A colleague shared an analogy about change that seems appropriate for this first day of August. Think about when you were a kid and you spent some time in a neighborhood pool. One of the first things you would do would be to walk around the edges – all in the same direction – trying to create a whirlpool effect. It was hard work at first, but then you gained momentum, and eventually, the current would just allow you to float along in it.

New people automatically joined in the flow as they would have had a hard time stopping it. Sometimes you slipped up when trying to create the momentum, but you just got back in the circle and tried again. The same was true when someone bumped into you as they tried to go at a different speed. You made amends and pressed on.

Creating a whirlpool in the swimming pool is a lot like creating change in an organization. In the book Good to Great, author Jim Collins describes it as a flywheel – that the first turn is quite difficult, but with enough turns in the same direction, it creates powerful momentum that it is difficult to stop. The problem comes in when people give up too easily and try to go on their own path because making one collective motion is challenging.

If you are trying to create a culture change or alter your organization’s trajectory, think about being a kid in the pool. One loop around the pool does nothing, but by the end, you’ve got some serious force at play in your favor.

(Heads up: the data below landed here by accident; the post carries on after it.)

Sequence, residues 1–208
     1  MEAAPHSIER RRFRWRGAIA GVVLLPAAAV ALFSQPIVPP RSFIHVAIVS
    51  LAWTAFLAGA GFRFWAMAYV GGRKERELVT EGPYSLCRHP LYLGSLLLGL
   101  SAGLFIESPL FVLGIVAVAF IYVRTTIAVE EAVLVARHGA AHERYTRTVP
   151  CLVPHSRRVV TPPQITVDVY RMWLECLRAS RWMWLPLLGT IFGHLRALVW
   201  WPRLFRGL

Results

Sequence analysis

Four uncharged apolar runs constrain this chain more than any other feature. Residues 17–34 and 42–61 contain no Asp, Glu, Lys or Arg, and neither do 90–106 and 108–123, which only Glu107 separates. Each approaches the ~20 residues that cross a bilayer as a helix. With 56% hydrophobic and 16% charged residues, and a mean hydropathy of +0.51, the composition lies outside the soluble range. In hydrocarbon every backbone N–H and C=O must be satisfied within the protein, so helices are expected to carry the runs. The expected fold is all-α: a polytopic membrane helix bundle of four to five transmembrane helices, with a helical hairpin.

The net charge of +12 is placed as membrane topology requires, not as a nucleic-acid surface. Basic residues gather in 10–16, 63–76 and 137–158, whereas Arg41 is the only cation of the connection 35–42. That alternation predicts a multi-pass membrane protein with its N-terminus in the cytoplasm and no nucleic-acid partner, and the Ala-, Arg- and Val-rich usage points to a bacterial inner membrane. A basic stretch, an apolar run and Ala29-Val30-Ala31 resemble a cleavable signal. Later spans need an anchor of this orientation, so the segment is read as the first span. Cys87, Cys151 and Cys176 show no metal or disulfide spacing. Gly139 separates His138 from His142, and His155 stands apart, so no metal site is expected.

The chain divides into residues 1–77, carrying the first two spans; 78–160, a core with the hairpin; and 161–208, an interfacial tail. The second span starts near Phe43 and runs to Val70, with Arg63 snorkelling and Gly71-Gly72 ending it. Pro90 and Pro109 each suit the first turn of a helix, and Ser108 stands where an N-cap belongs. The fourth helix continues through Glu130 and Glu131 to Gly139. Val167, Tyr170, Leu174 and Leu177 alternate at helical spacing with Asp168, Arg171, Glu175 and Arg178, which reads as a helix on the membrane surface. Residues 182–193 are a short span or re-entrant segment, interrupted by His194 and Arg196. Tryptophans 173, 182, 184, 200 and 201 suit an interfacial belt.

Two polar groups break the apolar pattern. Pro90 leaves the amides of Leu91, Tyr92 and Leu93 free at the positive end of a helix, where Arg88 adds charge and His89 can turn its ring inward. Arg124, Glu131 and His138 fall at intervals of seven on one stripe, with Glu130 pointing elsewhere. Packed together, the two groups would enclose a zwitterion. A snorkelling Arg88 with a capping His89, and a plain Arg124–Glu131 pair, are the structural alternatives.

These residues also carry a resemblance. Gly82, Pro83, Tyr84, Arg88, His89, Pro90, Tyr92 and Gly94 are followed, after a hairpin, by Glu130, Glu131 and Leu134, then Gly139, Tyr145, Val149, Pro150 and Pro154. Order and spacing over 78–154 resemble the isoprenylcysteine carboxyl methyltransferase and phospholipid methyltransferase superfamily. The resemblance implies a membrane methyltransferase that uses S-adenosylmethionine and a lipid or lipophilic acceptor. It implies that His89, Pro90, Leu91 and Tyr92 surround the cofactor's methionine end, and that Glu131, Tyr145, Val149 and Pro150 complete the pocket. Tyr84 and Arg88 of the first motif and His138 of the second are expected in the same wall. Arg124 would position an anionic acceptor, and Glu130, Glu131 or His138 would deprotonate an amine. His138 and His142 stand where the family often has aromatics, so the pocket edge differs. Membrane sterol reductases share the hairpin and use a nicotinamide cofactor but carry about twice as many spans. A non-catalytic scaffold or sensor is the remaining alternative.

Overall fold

Thanks, Brian!

I'm the chief connector at leadership dots where I serve as "the string" for individuals and organizations. Like stringing pearls together to make a necklace, "being the string" is an intentional way of thinking and behaving – making linkages between things that otherwise appear random or unconnected – whether that be supervising a staff, completing a dissertation or advancing a project in the workplace. I share daily leadership dots on my blog to provide examples of “the string” in action. I use the string philosophy through coaching, consulting and teaching to help others build capacity in themselves and their organizations. I craft analogies and metaphors that help people comprehend complex topics and understand their role in the system. My favorite work involves helping those new to supervision or newly promoted supervisors build confidence and learn the skills necessary to effectively lead their team.

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